Det är välkänt att diabetes är en riskfaktor för Covid-19, men det omvända verkar också gälla.
I UK är ungefär 25% av de som behöver sjukhusvård för Covid-19 diabetiker. Men det verkar också vara så att Covid-19 kan skada de insulinproducerande cellerna, så att man kan utveckla diabetes av virusinfektionen.
Många som anländer till sjukhus med svår Covid-19 har skyhöga blodsockernivåer. En antydan om att insulinmekanismen inte fungerar som den ska. För en del av dessa blir tillståndet kroniskt.
Forskning har visat att ACE-2, proteinet/ receptorn som Sars-Cov-2 binder till när det kommer in i den mänskliga cellen, inte bara finns i lungorna. ACE2 finns också i organ och vävnader som är involverade i glukosmetabolismen – såsom bukspottkörteln, tunntarmen, fettvävnaden, levern och njurarna. Experter tror att viruset kan orsaka flera olika och komplexa dysfunktioner av glukosmetabolism genom att komma in i dessa vävnader. Och därmed leda till diabetes.
Men det behövs betydligt mer forskning för att nå ett avgörande svar kring detta. En global databas, CoviDiab Registry-projektet, inrättades i början av juni för att samla information om Covid-19-patienter med höga blodsockernivåer.
Mer via https://4health.se/?s=corona
Not only may diabetes make a coronavirus infection worse, but Covid-19 may also trigger the onset of the chronic condition in some people, emerging evidence suggests.
It is well known that underlying health issues increase the likelihood of severe illness or death after contracting the coronavirus.
In the first two months of the UK’s outbreak, roughly 25 per cent of people hospitalised with Covid-19 with already had diabetes, suggesting that the risk of severe illness among diabetics was four times higher than for the general population.
But Paul Zimmet, a professor of diabetes at Monash University in Melbourne, told Nature that “two pandemics could be clashing”, with Covid-19 also damaging the cells responsible for producing the hormone insulin.
He said that dozens of patients suffering from severe Covid-19 have arrived at hospital with very high blood sugar levels – a sign that the body is not producing enough of the hormone.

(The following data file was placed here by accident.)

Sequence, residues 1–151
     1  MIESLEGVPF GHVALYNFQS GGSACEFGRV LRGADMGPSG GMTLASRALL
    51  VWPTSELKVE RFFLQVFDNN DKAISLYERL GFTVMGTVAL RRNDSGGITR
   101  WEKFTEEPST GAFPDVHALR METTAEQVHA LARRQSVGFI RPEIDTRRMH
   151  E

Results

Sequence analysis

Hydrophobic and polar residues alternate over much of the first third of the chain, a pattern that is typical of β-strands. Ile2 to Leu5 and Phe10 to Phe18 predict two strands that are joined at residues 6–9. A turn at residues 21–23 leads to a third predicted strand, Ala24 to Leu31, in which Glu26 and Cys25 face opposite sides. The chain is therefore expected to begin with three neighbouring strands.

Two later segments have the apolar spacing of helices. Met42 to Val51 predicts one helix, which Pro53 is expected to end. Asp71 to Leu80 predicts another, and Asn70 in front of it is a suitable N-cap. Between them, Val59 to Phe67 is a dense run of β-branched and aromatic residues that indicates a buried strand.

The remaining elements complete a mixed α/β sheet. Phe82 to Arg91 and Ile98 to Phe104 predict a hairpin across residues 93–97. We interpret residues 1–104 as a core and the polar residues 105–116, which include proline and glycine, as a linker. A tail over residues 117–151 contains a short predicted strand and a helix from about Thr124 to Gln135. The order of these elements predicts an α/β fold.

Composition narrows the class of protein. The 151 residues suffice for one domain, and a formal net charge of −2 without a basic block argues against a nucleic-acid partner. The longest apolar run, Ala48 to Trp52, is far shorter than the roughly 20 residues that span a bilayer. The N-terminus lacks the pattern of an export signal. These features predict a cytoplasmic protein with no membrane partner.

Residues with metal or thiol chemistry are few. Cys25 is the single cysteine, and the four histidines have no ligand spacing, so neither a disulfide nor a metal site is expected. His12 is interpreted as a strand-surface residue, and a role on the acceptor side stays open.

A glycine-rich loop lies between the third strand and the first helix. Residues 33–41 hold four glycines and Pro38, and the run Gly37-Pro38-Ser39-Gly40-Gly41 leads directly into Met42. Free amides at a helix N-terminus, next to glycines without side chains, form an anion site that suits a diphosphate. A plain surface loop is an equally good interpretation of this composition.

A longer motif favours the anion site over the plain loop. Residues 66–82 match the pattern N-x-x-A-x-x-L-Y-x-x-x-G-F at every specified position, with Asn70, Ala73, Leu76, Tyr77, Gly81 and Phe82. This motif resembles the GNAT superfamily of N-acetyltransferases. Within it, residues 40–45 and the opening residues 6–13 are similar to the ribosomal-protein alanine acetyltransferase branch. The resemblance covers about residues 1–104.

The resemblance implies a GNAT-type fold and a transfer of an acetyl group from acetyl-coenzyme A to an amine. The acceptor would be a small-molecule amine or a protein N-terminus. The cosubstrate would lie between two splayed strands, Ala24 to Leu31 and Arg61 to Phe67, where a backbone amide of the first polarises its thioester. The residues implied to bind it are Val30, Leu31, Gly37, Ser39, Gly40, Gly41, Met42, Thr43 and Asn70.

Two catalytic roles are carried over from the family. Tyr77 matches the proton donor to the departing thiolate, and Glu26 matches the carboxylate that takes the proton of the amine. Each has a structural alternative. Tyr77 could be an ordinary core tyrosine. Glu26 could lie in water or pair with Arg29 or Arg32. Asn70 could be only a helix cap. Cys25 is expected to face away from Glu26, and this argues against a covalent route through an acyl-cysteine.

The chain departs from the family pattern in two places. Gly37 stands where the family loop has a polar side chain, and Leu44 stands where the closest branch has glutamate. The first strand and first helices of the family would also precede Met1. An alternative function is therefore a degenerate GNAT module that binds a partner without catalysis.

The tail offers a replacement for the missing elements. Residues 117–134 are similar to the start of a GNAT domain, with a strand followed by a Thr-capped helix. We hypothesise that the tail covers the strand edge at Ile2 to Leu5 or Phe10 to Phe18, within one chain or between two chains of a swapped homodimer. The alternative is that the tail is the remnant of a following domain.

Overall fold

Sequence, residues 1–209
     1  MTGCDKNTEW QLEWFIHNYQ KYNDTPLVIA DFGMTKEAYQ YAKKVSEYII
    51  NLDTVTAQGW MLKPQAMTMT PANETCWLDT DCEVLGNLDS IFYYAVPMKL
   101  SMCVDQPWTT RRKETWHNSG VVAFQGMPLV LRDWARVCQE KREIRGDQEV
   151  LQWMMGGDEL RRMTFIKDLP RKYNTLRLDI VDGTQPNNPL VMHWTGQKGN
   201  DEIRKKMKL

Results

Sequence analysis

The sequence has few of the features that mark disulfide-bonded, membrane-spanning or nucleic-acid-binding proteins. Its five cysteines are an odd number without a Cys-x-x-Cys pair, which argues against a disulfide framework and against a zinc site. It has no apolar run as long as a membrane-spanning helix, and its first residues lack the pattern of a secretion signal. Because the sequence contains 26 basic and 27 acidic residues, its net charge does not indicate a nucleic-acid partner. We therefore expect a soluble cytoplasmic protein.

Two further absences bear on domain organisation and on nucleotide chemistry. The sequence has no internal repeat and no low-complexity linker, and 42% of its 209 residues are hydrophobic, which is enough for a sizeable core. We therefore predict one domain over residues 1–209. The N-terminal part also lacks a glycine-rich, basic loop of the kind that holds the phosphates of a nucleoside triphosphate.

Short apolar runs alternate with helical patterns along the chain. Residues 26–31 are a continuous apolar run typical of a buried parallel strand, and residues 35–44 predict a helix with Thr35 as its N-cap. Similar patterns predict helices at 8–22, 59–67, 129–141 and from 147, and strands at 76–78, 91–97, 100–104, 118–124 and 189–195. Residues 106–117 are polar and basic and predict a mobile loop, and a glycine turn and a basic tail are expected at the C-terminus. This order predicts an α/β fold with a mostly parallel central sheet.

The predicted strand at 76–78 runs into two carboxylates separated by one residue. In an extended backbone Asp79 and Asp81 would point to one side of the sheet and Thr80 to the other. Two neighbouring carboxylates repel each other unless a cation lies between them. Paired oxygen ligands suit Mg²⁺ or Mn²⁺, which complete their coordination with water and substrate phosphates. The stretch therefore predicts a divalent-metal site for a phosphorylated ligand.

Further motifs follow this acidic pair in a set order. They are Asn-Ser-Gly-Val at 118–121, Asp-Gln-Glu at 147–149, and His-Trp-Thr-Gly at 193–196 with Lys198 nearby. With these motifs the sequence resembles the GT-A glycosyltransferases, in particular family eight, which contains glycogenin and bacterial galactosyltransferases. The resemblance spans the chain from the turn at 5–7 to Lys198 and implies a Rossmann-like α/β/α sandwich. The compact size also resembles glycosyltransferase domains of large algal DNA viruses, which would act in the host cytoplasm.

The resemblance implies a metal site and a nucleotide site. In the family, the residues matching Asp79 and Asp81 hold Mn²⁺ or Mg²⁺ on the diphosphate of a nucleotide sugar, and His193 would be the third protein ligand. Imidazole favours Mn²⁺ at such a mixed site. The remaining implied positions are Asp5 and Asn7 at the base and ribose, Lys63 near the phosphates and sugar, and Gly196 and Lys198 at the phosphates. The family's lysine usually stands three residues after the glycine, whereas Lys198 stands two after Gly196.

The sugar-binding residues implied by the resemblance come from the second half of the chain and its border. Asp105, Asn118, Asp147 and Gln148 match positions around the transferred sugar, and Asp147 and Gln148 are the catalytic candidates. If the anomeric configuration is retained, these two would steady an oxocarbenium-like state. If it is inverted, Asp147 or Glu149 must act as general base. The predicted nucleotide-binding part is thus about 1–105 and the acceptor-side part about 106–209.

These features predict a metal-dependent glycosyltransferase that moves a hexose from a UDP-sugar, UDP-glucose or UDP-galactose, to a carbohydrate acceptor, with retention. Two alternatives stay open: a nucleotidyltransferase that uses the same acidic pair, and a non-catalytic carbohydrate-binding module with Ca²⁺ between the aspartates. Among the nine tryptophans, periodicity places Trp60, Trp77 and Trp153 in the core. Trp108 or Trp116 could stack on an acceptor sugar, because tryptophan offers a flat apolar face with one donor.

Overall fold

A handful of these patients have gone on to rapidly develop the chronic condition, where the body produces either no insulin at all, or not enough to work effectively.
The theory has some precedent as other viruses are known to precipitate autoimmune diseases, including type 1 diabetes. A paper published in Acta Diabetologica journal in 2009 found that damage to the body caused by Sars, a close cousin of the virus that causes Covid-19, triggered the onset of diabetes in some patients.
More recently, an experimental study in miniature lab-grown pancreases published in the Lancet last week concluded that a Covid-19 infection “could induce new onset diabetes” by damaging the cells responsible for control blood sugar levels.
The findings have not been confirmed in humans and it is unclear whether Covid-19 plays a direct role in the reduced production of insulin.
But on June 12, a group of 17 leading diabetes experts wrote a letter published in the New England Journal of Medicine warning that new-onset diabetes is being observed in some patients who have tested positive for the Covid-19.
Research has shown that ACE-2, the protein that Sars-Cov-2 binds to as it enters the human cell, is not only located in the lungs. It is also in organs and tissues that are involved in glucose metabolism – such as the pancreas, the small intestine, the fat tissue, the liver and the kidney.
Experts believe that by entering these tissues, the virus may cause multiple and complex dysfunctions of glucose metabolism, triggering diabetes.
But there are warnings that considerably more research is needed to reach a conclusive answer. Experts hope for clarity in the coming months after a global database, dubbed the CoviDiab Registry project was established in early June to collect information on Covid-19 patients with high blood-sugar levels.
“As has been stated, we’ve not encountered a virus like Sars-CoV2 before for the breadth of disease it causes,” Prof James Hildreth, president of Meharry Medical College, said. “Now evidence [is] accumulating that Covid-19 virus may cause diabetes. Clearly suggests that people who are pre-diabetic or diabetic should definitely avoid Covid-19 infection.”